Metabolix (NASDAQ:MBLX) is a biotechnology company that produces corn-based, biodegradable plastics from plants. In 2008, Metabolix began building a 50,000 ton per year manufacturing plant near Clinton, which will allow for large-scale commercial manufacturing of their Natural Plastics. These rubbers and plastic consumables (e.g. plastic cups) will be sold under the brand name Mirel. The company has not begun large-scale production yet, but in 2007, the company earned $1.68 million in revenue while sustaining a $27.8 million loss.
While the plastics industry has several well-established players (e.g. Dow Chemical and General Electric), Metabolix will be one of the first firms in the industry to create plastics using corn rather than petroleum.
Because the company uses corn as the base for its plastics, the company's profitability is heavily dependent on corn prices. Thanks to increasing demand for ethanol, the price for a bushel of corn rose by approximately 50% in 2007 alone.
Increased costs and losses can be attributed to increased spending on research, acquisition of patents, and product development. Metabolix is accruing fixed, one-time costs in order to build a manufacturing plant and begin commercial-scale production. Before production, the company's main sources of revenue are government grants, research and development payments, license fees, and royalty payments. The U.S. Department of Energy, the firm's largest funder, has given $12.2M to date. The firm expects to recognize revenue when they begin commercial sale of their Natural Plastics.
|Total Operating Expenses||$7,053||$8,896||$8,678||$9,805||$22,114|
|Loss from Operations||$5,064||$6,513||$5,000||$7,024||$17,524|
Plastics, up until this decade, have been only petroleum-based. As the cost of oil increases, oil-based products increase in price too. The advent of bio-plastics strips away the need for oil in favor of renewable feedstock sources. This benefits Metabolix because it raises demand for their products. Conversely, if oil prices were to fall, so would demand for bioplastics. Crude oil prices have risen from $25 to $72 a barrel from 2002 to 2007  resulting in comparable upward shift in plastic prices.
Raw materials and feedstock constitute the majority of bioplastic production costs. As corn prices increase, producing bioplastics becomes more costly. From 2004 to 2007, corn prices have risen from $2.50 to $3.50 per bushel; this trend has reduced Metabolix' profitability.
In February 2008, Princeton economist Timothy Searchinger released a report demonstrating biofuels' increase in greenhouse gas emissions. Forests and grasslands are cut down and replaced by agricultural land.  The U.S. government support for alternative fuels may overshadow long-term consequences of biofuel production to lower fuel costs in the short-term. In 2007, President Bush set a goal to produce 35 billion gallons of renewable and alternative fuels by 2017; this statement of intent to develop biofuels would favor Metabolix and the growing biofuels market.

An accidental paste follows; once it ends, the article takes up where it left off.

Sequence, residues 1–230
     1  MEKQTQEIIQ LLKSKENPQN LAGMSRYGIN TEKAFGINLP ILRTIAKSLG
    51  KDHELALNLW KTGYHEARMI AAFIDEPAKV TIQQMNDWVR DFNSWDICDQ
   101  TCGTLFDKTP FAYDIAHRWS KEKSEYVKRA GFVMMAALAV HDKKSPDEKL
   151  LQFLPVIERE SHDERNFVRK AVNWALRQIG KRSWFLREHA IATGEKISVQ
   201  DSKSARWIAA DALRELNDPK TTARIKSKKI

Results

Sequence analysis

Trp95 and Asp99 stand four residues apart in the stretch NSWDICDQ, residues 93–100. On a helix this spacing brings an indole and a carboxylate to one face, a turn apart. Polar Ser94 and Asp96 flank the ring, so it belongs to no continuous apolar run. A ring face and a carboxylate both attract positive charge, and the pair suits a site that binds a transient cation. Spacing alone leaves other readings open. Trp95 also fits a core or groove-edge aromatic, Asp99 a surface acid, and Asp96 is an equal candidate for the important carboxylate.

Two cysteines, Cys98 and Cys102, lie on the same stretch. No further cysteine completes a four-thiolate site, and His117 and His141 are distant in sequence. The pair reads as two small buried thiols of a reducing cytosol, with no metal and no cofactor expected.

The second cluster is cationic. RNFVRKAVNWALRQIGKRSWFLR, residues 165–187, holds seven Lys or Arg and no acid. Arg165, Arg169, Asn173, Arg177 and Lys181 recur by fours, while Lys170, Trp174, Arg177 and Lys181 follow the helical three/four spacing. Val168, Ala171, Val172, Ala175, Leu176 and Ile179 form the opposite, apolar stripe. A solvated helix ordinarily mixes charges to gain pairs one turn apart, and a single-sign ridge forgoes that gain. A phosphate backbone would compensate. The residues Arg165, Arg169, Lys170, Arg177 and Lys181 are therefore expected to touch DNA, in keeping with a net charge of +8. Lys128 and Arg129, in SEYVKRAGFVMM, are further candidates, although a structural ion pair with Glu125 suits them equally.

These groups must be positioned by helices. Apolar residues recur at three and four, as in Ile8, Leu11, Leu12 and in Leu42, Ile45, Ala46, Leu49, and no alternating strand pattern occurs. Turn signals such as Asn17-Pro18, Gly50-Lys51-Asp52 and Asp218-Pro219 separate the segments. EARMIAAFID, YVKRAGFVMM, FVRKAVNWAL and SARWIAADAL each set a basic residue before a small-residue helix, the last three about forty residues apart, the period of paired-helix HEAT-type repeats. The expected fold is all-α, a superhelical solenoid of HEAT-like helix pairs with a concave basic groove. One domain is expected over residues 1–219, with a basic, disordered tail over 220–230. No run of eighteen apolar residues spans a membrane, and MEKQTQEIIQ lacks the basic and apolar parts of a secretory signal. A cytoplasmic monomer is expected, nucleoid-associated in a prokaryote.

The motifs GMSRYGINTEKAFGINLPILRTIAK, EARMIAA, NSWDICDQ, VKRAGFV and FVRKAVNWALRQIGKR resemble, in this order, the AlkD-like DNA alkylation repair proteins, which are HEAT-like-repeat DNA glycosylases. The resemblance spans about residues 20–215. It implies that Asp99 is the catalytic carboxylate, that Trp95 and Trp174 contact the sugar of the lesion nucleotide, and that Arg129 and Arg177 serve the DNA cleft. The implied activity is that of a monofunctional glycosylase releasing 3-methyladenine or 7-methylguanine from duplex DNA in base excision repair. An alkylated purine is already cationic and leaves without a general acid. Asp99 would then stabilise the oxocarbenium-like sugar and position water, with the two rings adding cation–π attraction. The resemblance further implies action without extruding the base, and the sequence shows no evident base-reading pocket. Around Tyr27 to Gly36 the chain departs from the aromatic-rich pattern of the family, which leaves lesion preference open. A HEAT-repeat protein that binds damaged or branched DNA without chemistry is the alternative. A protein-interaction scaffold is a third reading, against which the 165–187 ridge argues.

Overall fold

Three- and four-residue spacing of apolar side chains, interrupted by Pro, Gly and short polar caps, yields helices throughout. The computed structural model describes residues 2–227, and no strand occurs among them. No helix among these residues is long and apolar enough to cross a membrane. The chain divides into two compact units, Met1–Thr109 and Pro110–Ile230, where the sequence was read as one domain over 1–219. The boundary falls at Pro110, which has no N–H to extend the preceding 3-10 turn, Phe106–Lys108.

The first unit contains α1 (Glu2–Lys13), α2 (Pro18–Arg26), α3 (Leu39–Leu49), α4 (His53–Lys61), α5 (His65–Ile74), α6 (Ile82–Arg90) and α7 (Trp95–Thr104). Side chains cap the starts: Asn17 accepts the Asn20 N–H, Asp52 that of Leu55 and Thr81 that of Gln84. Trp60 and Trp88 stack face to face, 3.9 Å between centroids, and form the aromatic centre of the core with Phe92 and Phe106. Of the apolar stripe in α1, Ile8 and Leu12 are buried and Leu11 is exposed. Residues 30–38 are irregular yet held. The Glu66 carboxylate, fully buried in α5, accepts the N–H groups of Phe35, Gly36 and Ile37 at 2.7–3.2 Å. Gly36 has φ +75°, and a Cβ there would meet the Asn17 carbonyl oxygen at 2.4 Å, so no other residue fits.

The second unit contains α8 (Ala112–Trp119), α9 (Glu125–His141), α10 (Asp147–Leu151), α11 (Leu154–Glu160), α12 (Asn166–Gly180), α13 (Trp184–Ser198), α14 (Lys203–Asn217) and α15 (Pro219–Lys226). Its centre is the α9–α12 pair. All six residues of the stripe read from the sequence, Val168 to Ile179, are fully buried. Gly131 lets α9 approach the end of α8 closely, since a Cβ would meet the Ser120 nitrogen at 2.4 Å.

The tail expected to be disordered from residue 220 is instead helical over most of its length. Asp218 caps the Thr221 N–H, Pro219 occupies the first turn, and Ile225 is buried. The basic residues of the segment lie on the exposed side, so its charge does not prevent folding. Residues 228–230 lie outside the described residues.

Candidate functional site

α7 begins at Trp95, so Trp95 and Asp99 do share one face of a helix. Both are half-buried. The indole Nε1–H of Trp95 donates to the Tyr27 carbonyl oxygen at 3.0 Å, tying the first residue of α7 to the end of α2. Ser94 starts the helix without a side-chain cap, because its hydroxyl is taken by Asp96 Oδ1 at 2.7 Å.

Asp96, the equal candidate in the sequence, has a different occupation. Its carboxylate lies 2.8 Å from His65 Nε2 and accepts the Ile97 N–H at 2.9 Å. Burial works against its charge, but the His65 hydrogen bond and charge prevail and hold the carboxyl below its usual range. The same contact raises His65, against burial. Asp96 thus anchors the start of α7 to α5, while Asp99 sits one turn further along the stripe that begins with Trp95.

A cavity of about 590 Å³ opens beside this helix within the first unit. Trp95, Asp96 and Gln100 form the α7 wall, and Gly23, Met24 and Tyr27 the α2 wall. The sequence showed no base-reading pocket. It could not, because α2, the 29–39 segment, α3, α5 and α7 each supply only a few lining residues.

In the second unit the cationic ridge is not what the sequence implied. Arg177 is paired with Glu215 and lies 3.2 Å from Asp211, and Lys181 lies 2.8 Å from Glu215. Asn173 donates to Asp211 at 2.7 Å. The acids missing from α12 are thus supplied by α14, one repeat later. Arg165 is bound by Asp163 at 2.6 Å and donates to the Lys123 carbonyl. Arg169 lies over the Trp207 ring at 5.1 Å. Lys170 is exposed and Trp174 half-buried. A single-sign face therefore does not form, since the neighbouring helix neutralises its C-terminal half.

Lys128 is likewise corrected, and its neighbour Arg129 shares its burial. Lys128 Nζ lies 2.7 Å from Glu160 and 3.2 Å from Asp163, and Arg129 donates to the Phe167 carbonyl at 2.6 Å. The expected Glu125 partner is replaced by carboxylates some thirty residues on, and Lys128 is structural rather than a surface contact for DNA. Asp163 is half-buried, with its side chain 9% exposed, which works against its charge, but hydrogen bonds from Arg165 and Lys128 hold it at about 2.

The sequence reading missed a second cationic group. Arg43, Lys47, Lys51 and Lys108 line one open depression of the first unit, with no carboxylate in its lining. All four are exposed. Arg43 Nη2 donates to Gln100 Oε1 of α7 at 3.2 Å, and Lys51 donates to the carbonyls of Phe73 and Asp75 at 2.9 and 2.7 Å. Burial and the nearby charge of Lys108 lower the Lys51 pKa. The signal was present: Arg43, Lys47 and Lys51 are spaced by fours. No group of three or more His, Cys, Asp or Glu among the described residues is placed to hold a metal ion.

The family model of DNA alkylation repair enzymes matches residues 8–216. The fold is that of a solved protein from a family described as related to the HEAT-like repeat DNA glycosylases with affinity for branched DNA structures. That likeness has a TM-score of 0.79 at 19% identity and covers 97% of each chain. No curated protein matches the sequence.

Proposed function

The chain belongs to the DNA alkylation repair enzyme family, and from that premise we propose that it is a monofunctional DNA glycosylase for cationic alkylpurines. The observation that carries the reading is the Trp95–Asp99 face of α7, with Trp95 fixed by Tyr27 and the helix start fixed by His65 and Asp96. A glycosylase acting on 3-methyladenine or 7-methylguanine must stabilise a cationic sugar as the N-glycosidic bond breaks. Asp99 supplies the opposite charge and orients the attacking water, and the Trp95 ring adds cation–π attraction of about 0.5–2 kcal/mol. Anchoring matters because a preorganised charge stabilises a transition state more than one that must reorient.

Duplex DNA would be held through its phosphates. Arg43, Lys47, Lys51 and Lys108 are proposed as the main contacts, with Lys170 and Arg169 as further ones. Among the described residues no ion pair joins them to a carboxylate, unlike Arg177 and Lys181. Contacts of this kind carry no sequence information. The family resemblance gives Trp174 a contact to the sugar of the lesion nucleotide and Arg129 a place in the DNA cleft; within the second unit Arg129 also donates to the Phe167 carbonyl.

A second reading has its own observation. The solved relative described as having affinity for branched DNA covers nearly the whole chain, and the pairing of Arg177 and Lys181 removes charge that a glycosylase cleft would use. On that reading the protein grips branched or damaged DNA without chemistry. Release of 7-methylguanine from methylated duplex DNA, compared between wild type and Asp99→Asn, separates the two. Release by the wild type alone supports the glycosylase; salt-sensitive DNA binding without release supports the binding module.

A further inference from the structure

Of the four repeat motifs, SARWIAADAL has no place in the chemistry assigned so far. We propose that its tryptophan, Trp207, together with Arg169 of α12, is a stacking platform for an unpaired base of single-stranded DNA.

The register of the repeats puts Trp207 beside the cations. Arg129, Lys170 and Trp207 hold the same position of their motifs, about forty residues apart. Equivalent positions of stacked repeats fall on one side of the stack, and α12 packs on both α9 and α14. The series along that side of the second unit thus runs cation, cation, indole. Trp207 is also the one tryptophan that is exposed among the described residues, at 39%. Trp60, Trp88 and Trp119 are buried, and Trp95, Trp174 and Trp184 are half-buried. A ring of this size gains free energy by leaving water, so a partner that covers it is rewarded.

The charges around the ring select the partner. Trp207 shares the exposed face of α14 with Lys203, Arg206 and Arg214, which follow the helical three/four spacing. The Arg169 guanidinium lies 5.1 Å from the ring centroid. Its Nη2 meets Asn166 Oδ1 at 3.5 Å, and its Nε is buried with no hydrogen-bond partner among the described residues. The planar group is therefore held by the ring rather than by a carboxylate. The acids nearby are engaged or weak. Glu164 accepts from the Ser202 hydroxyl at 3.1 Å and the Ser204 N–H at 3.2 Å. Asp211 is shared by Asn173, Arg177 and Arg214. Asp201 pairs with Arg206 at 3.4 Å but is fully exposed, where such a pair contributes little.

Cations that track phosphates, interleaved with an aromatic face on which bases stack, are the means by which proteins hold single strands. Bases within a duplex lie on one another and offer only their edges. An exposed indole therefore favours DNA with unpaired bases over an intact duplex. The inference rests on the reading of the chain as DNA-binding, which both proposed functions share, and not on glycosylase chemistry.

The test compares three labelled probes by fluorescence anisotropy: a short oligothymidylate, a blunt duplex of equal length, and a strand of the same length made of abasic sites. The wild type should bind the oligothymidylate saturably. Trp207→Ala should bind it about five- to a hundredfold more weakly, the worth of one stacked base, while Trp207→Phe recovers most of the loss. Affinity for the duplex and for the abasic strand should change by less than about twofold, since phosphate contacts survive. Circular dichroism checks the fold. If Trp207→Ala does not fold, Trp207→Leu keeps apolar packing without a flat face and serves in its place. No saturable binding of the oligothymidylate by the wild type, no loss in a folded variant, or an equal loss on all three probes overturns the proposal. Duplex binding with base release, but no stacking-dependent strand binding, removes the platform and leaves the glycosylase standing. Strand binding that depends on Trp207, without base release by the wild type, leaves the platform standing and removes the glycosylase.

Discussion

Lawmakers are considering creating emission markets which will set limits on the amount of emissions that can be produced in a state. Integral to enforcing such a system is carbon auditing. Carbon auditing, or the process of measuring a company's carbon footprint, has become a powerful means of attracting buyers and investors. As of now, U.S. Energy Regulations and the Kyoto Protocol are two examples of this push toward greener business practices. Companies that are awarded a "green" certification for their business practice can attract investment from those who share their environmental concerns. Therefore, if carbon auditing becomes mandated by law and emissions regulations tighten, such changes will benefit companies that are already based on a products with low carbon footprints. Finally, carbon trading (e.g. a cap-and-trade system) lets companies with good environmental standing to sell "credits" of pollution in an emissions market to other firms to generate revenue. The Regional Greenhouse Gas Initiative and the Global Warming Solutions Act of 2006 (AB 32) are examples of this system's emergence in the U.S.
Plastics, fuels, and chemicals produced by Metabolix will compete with other technologically innovative products as well as conventional petroleum-based plastics, fuels, and chemicals. Firms producing bioplastics compete to offer materials with similar applications and strengths as conventional, petroleum-based plastics.
Cargill and Novamont are clear leaders in the biodegradable plastics market with nearly 40 percent of market share, while Metabolix remains competitive with 9 percent of market share, equal to that of Toyota Motors: